China and North Korea hail close friendship after Kim visit confirmed

North Korean pledges to denuclearise at meeting with Chinese president Xi Jinping

After days of speculation China has confirmed that Kim Jong-un has visited the country, his first known trip abroad since assuming power in 2011. Video: CCTV


China and North Korea hailed their close friendship after Kim Jong-un chose Beijing for his first foreign trip since he came to power in 2011, with the North Korean leader promising to work towards denuclearising the peninsula.

The Chinese confirmed Mr Kim was indeed on the mystery train that made its way in great secrecy across the border this week to Beijing for talks with president Xi Jinping.

Mr Kim told Mr Xi the situation on the Korean peninsula was “starting to get better”.

China was North Korea’s ally during the Korean War (1950-53) and the two communist nations were close allies, but relations have frayed over the North’s nuclear programme and China’s backing for UN sanctions.

In a lengthy statement, the two leaders set aside their differences to hail their mutual respect and admiration, with Mr Xi saying the two countries maintained close ties “like relatives”.

“Sharing common ideals and beliefs as well as profound revolutionary friendship, the elder generations of leaders of the two countries trusted and supported each other, and wrote a fine story in the history of international relations,” said Mr Xi after meeting Mr Kim.

The visit came ahead of summits planned between the two Koreas in April and a US-North Korea summit in May.

Recent months have seen tensions ease, and South and North Korean athletes marched under a unified flag at the Pyeongchang winter Olympics last month.

In Beijing, Mr Kim signalled his commitment to solving the nuclear crisis. “The issue of denuclearisation of the Korean peninsula can be resolved, if South Korea and the US respond to our efforts with goodwill, create an atmosphere of peace and stability while taking progressive and synchronous measures for the realisation of peace,” said Mr Kim.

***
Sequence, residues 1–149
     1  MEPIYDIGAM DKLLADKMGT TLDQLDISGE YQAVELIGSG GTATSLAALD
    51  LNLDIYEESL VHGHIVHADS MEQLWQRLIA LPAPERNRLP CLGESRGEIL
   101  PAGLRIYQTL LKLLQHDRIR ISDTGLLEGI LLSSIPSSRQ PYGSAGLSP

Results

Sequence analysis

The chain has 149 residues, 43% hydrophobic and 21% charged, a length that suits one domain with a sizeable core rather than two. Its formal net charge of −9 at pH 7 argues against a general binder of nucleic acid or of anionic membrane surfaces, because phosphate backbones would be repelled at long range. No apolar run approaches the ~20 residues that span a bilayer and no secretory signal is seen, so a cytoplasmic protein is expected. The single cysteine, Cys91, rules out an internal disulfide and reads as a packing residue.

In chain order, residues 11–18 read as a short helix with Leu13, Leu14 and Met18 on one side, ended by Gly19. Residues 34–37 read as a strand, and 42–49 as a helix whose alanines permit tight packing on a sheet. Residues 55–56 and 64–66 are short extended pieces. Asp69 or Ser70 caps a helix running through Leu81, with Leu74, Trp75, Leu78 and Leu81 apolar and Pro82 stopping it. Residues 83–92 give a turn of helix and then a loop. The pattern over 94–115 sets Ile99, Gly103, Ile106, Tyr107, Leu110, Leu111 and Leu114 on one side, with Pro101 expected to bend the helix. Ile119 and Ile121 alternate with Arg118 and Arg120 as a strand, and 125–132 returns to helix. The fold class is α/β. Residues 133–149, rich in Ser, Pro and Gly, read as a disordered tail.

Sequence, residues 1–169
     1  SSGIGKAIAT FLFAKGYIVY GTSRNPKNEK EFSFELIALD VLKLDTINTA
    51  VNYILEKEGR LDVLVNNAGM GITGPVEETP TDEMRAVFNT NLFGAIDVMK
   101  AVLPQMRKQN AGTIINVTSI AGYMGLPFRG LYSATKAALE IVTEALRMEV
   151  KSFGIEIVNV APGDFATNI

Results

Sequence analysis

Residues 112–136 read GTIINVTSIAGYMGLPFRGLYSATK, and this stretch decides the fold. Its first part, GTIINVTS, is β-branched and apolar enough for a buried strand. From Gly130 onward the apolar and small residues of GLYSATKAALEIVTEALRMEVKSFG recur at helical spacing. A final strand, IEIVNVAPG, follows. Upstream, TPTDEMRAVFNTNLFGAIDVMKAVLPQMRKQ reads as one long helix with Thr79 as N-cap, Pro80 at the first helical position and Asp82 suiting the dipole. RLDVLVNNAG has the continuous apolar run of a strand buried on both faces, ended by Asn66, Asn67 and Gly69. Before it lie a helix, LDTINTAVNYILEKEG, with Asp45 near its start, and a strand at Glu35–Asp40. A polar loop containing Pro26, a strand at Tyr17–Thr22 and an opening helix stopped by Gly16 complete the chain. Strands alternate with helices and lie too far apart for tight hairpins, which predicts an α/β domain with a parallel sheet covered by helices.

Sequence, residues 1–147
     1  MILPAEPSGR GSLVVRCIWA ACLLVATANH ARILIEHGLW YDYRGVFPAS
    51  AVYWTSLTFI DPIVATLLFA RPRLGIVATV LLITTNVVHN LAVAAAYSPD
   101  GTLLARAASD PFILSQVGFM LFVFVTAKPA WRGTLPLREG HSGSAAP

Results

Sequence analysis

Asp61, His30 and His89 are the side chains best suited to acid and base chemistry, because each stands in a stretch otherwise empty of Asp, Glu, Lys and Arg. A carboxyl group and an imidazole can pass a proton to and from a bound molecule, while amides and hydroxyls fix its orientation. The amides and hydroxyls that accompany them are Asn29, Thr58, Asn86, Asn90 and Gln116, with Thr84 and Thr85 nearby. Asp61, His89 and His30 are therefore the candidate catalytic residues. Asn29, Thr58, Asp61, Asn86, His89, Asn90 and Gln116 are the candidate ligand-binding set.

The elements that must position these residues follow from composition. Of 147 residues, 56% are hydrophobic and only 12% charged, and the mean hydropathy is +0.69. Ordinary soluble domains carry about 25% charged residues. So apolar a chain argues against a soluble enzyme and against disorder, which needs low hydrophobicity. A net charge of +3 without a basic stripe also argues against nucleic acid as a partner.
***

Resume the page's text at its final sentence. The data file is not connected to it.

For its part, China is keen to play a more active role in the planned meetings, having been sidelined by a flurry of diplomatic activity in recent months from Seoul, Pyongyang and Washington DC.

Vehicle of choice

Mr Xi pledged that China would play a “constructive role” in bringing about a thaw on the Korean peninsula.

The North’s Korean Central News Agency (KCNA) said the visit lasted from Sunday to Wednesday. Mr Kim was accompanied by his wife Ri Sol-ju and top officials, including key aide Choe Ryong-hae. KCNA also reported that Mr Kim invited Mr Xi to Pyongyang for a visit, and the Chinese leader had accepted.

The delayed report of the meeting is not unusual as previous meetings with top North Korean leaders were also reported after the event. In 2011, Kim’s father Kim Jong-il also travelled to China by train and the event was not immediately reported.

Although China’s foreign ministry described Mr Kim’s visit this week it as “unofficial”, the North Korean leader and his wife stayed at the Diaoyutai guesthouse and held talks at the Great Hall of the People in Beijing.

Mr Xi and his wife Peng Liyuan hosted a banquet for Mr Kim and Ms Ri. Normally North Korean leaders do not take spouses with them on foreign trips.

China also briefed Donald Trump on Mr Kim’s visit and the communication included a personal message from Mr Xi to the US president. China’s top diplomat Yang Jiechi will head to Seoul on Thursday to brief South Korean president Moon Jae-in.

The armoured train is the vehicle of choice for the Kim family, as they are said to be suspicious of air travel for security reasons.

Mr Kim’s half-brother Kim Jong-nam was assassinated, apparently by North Korean agents, in February last year at Kuala Lumpur airport.